Potter, who is from Grand Forks, also questioned the claims about thousands of jobs. From his experience, there are few local jobs with pipeline construction because workers travel with the pipeline construction. In addition, Potter said, “We need to slow down the drilling so roads and infrastructure can catch up. No one seriously considered the impacts of the pipeline, except Nebraska,” Potter said.

Rep. Berg claimed the project will create “more than 100,000 American jobs, many of which could be seen in North Dakota, with Bakken Field crude oil expected to account for approximately 25 percent of the pipeline’s expanded capacity.”

Not so, according to a Cornell University report which says “the project will create no more than 2,500 to 4,650 temporary direct construction jobs for two years, according to TransCanada’s own data supplied to the State Department.” The report states the pipeline “will not be a major source of US jobs, nor will it play any substantial role at all in putting Americans back to work.”

As for the claim that North Dakota oil would be carried by the pipeline, Mark Trechock, Executive Director of the Dakota Resource Council, discovered that “there are no pending permit applications that would link the Bakken to the Keystone XL pipeline. Supporters of the pipeline are way out ahead of themselves.”

The oil in the proposed Keystone XL pipeline is dirty oil from the tar sands of Alberta. Many people who live there have serious concerns that are not being addressed. Dene National Chief Bill Erasmus issued a statement that the Dene Nation was pleased that the pipeline permit had been rejected “because it defers the expansion of the Alberta tar sands which impact us.” He called for the Canadian and Alberta governments, industry, and people who are impacted to come “together to agree on how to address the actual environmental impacts.” He cited the need to find “new methods to utilize less water for oil sands production and cleaning up the extensive toxic tailings ponds.”

Closer to home, Paul Mathews with the Dakota Resource Council said the President made the right decision to deny the pipeline application because of “legitimate concerns about the route” and “the company’s poor safety record.” The original Keystone pipeline is within 2,000 feet of Mathews’ house. He said the pipeline sprung more than a dozen leaks in the US during its first year of operation. Mathews said, “The worst was a 500 barrel spill that shot a geyser of oil some 60 feet in the air and resulted in 20,000 gallons in less than an hour on the ground in this North Dakota county.”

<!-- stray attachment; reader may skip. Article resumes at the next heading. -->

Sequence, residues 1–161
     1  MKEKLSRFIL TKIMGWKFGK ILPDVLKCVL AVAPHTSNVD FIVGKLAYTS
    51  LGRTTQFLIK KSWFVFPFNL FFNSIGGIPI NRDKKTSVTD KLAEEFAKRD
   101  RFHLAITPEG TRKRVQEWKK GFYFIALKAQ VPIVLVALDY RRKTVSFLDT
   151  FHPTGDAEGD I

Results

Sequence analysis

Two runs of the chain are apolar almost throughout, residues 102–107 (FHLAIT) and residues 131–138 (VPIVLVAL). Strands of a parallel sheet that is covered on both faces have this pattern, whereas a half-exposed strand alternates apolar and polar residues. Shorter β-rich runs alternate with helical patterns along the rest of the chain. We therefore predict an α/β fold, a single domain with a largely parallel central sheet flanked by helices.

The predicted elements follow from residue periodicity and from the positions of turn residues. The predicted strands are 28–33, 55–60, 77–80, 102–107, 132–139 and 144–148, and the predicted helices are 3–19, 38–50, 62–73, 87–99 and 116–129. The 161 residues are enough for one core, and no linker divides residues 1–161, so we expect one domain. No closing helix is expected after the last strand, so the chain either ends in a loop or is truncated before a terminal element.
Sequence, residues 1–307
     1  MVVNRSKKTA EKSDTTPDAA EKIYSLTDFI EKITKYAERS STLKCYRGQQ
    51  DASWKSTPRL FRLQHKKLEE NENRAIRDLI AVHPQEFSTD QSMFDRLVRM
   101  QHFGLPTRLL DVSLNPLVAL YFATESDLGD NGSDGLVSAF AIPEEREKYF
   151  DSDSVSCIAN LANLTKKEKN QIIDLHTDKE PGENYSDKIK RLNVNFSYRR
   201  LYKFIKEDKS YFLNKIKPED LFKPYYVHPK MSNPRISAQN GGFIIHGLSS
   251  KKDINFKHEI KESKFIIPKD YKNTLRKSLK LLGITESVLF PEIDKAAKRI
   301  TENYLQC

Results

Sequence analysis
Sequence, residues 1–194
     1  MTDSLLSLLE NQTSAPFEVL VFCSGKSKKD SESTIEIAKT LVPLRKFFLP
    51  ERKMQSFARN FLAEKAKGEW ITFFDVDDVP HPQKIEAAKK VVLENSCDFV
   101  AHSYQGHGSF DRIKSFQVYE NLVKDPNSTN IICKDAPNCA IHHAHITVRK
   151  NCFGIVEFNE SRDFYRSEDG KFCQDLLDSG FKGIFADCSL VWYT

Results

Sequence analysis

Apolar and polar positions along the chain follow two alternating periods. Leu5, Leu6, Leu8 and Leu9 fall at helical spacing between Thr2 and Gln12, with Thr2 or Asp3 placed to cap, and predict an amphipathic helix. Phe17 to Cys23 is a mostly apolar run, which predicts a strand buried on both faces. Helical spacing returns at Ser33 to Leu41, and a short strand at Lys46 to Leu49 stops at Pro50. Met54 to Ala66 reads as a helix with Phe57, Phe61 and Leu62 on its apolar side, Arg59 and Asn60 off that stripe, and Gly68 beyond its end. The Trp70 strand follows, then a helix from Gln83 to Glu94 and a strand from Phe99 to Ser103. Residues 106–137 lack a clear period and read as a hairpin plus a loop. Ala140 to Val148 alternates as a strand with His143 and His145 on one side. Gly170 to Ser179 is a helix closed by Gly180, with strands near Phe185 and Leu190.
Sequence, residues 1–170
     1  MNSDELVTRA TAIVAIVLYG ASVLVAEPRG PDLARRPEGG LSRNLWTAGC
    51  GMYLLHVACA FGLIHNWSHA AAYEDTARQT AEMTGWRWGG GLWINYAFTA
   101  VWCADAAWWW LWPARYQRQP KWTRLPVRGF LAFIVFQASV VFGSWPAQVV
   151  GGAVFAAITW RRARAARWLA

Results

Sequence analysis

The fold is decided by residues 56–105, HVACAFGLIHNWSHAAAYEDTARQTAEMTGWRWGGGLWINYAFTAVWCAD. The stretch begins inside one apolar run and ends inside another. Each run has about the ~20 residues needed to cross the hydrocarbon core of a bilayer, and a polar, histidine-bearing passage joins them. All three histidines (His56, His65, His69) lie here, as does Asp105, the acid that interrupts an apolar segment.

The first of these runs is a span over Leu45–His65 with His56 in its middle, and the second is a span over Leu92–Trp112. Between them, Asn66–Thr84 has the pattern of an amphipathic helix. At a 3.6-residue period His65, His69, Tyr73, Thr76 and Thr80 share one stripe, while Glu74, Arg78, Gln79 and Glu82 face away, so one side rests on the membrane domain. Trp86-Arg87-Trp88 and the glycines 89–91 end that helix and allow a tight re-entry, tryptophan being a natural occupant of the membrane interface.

“Before approving any more tar sands pipelines, the administration must make sure they won’t leak like the original one where leaks can potentially contaminate the land and water we need to sustain life,” Mathews said.

John Boehner (R-Ohio), US House Majority Leader said, “President Obama is destroying tens of thousands of American jobs and shipping American energy security to the Chinese. There’s really no other way to put it: the President is selling out American jobs for politics.”

Chad Nodland of the NorthDecoder.com blog countered many of the panacea claims from pipeline supporters. For example, the firms involved in the pipeline told Canadian government officials that the project could add at least $4 billion to the US fuel bill. Another source calculated that Americans could spend 10 to 20 cents more per gallon for gasoline and diesel fuel. And, the purpose of the pipeline is to move the tar sands oil to export, not US consumption.

Earlier this year Nodland’s blog provided information about why Canada wants to send oil to Gulf Coast refineries rather than refineries in the Midwest. The Canadian oil going to Midwest refineries stays in the US. However, oil going to the Gulf Coast through a new pipeline “would be available for the first time to buyers on the world market.” Those refineries are “located in foreign trade zones, where they can export Canadian oil to the world market without paying US taxes.”

Opposition to President Obama’s decision was widely covered by the North Dakota media, which mostly carried comments from Sen. John Hoeven (R-ND) and Heidi Heitkamp, a candidate for North Dakota’s other US Senate seat.